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Do Squats Make Your Thighs & Butt Bigger?

author image Kevin Rail
I am very genuine and magnetic on camera, and have made numerous videos on my own for clients and other organizations that I'm affiliated with. I also have a degree in Sport Management, and multiple certifications to back up my validity. I've also been featured in three different exercise infomercials and had a speaking role in a National Lampoons movie.
Do Squats Make Your Thighs & Butt Bigger?
Proper form leads to maximal gains with a squat. Photo Credit Mike Powell/Digital Vision/Getty Images

Achieving bigger thighs and a bigger butt is a goal that many athletes and everyday gym goers have. This not only gives you a boost of self-confidence, but it also gives you more power and allows you to remain more stable when you perform particular sports — especially those that involve contact. A squat is a popular exercise used in training protocols to achieve these benefits. As long as you take certain variables into consideration, this exercise will make your thighs and butt and bigger.

Compound Exercise

The squat is a compound exercise. This means it involves more than one joint action and recruits more than one muscle. Compound exercises, in turn, cause maximal gains in size. The main muscles targeted are the quadriceps, hamstrings and glutes. The quads run down the front of the thighs. The hamstrings sit on the back of the thighs, and the glutes make up the butt.

Proper Form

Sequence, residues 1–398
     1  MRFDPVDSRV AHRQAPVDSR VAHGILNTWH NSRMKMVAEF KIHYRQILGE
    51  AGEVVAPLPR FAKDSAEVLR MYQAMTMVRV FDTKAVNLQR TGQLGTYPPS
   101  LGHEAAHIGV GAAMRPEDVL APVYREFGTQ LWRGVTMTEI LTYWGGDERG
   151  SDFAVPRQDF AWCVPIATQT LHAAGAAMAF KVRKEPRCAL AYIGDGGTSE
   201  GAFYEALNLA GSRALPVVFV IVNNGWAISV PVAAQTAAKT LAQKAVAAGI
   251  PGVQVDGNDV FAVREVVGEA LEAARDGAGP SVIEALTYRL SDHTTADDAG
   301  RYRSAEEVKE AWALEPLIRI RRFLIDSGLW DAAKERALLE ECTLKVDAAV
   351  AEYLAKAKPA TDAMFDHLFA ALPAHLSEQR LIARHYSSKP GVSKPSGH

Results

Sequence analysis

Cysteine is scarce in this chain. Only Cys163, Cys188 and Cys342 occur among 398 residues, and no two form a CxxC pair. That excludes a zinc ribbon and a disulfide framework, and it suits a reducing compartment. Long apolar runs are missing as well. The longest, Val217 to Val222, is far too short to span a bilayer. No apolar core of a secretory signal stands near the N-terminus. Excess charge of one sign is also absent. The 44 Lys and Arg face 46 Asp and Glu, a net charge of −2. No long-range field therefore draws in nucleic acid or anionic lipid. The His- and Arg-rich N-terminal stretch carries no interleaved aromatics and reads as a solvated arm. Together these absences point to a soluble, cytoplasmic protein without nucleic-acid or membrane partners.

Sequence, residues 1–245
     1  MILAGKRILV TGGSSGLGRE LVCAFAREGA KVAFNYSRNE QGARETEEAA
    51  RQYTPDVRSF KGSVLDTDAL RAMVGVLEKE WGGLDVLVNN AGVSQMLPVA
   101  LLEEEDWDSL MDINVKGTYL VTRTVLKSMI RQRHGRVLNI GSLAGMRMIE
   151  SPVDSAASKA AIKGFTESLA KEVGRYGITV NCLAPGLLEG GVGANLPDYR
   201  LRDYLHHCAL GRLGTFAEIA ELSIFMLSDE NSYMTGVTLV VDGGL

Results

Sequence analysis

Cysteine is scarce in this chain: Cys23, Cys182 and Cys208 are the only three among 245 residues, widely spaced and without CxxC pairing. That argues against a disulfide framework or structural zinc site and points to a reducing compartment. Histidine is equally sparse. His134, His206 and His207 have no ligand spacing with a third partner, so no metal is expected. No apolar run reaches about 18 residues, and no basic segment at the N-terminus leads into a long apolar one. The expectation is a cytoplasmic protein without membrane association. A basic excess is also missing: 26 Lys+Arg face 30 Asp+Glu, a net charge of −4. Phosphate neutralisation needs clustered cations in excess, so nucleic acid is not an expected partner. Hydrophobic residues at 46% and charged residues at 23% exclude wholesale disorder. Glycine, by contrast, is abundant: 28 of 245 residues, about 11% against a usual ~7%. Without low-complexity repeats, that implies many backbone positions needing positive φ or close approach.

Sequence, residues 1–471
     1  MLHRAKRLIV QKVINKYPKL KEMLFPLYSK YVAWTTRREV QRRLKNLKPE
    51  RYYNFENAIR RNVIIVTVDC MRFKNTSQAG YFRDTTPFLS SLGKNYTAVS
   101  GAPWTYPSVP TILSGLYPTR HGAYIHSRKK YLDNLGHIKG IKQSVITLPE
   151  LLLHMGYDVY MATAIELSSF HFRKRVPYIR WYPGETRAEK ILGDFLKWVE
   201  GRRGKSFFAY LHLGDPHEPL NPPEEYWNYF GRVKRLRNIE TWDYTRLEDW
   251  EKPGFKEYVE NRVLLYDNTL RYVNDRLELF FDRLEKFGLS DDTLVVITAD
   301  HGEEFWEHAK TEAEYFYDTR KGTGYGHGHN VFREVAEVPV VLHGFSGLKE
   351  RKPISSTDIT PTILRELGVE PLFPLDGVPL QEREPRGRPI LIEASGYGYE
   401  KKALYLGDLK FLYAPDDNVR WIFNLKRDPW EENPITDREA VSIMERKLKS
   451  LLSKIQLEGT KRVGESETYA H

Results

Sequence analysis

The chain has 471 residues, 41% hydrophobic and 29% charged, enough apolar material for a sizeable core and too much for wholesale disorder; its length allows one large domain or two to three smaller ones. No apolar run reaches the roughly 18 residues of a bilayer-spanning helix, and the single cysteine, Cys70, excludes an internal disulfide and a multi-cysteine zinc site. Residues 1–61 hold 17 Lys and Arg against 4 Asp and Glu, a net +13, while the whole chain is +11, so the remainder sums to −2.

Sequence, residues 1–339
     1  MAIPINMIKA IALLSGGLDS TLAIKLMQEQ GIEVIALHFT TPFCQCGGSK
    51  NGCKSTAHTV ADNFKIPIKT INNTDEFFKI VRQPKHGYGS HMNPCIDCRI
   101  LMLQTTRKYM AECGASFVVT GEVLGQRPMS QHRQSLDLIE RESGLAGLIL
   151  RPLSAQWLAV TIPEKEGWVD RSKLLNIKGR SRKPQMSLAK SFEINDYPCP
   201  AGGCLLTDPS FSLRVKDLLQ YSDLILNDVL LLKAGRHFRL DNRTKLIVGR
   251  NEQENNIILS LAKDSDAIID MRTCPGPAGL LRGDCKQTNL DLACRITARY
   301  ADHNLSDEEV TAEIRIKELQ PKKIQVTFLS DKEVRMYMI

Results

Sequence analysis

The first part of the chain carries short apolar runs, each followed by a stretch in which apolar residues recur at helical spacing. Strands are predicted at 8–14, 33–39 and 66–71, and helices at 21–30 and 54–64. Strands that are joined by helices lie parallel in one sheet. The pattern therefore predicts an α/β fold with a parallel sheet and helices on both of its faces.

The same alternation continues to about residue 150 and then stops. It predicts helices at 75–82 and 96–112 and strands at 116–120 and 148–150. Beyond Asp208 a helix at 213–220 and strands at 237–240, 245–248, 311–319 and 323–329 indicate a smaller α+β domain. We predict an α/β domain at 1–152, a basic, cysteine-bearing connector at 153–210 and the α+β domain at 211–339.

The most important thing to consider with squats is your form. If you do not pay attention to your body alignment and fail to move through a full range of motion, your gains will be compromised. Hold a barbell across your upper back with a wide grip and stand with your feet slightly wider than shoulder-width apart. Keeping your core tight, back straight and gaze fixed forward, slowly lower yourself down by bending your knees. While lowering yourself down, push your butt back as if you were sitting in a chair. Stop when your thighs parallel the floor, rise back up in a steady motion and repeat.

Choosing Your Resistance

To make adequate gains in size, you need to use a heavy weight. A standard Olympic barbell weighs 45 pounds and it has room on the ends to add weight plates. These range from 2 1/2 to 45 pounds. You also have the option of holding dumbbells at your sides to do squats. These range from one to more than 100 pounds. Regardless of the resistance you choose, aim for a weight that is so heavy you can only perform eight to 12 repetitions.

Stabilizing Muscles Recruited

The quads, hamstrings and glutes are the primary muscles targeted by squats. However, you contract numerous other muscles to keep your body in good alignment and to assist with the lift. The erector spinae, rectus abdominis, gastrocnemius, soleus and obliques get recruited as well. The erector spinae is in the back. The rectus abdominis and obliques are the abdominal muscles, and the gastroc and soleus make up the calf complex.


A standard squat targets the thighs and glutes, but by altering your leg position, you will shift the emphasis on your muscles. You perform a sumo squat with your feet in a wide stance and toes turned out at an angle. This places more emphasis on the inner thighs and butt than the conventional squat.

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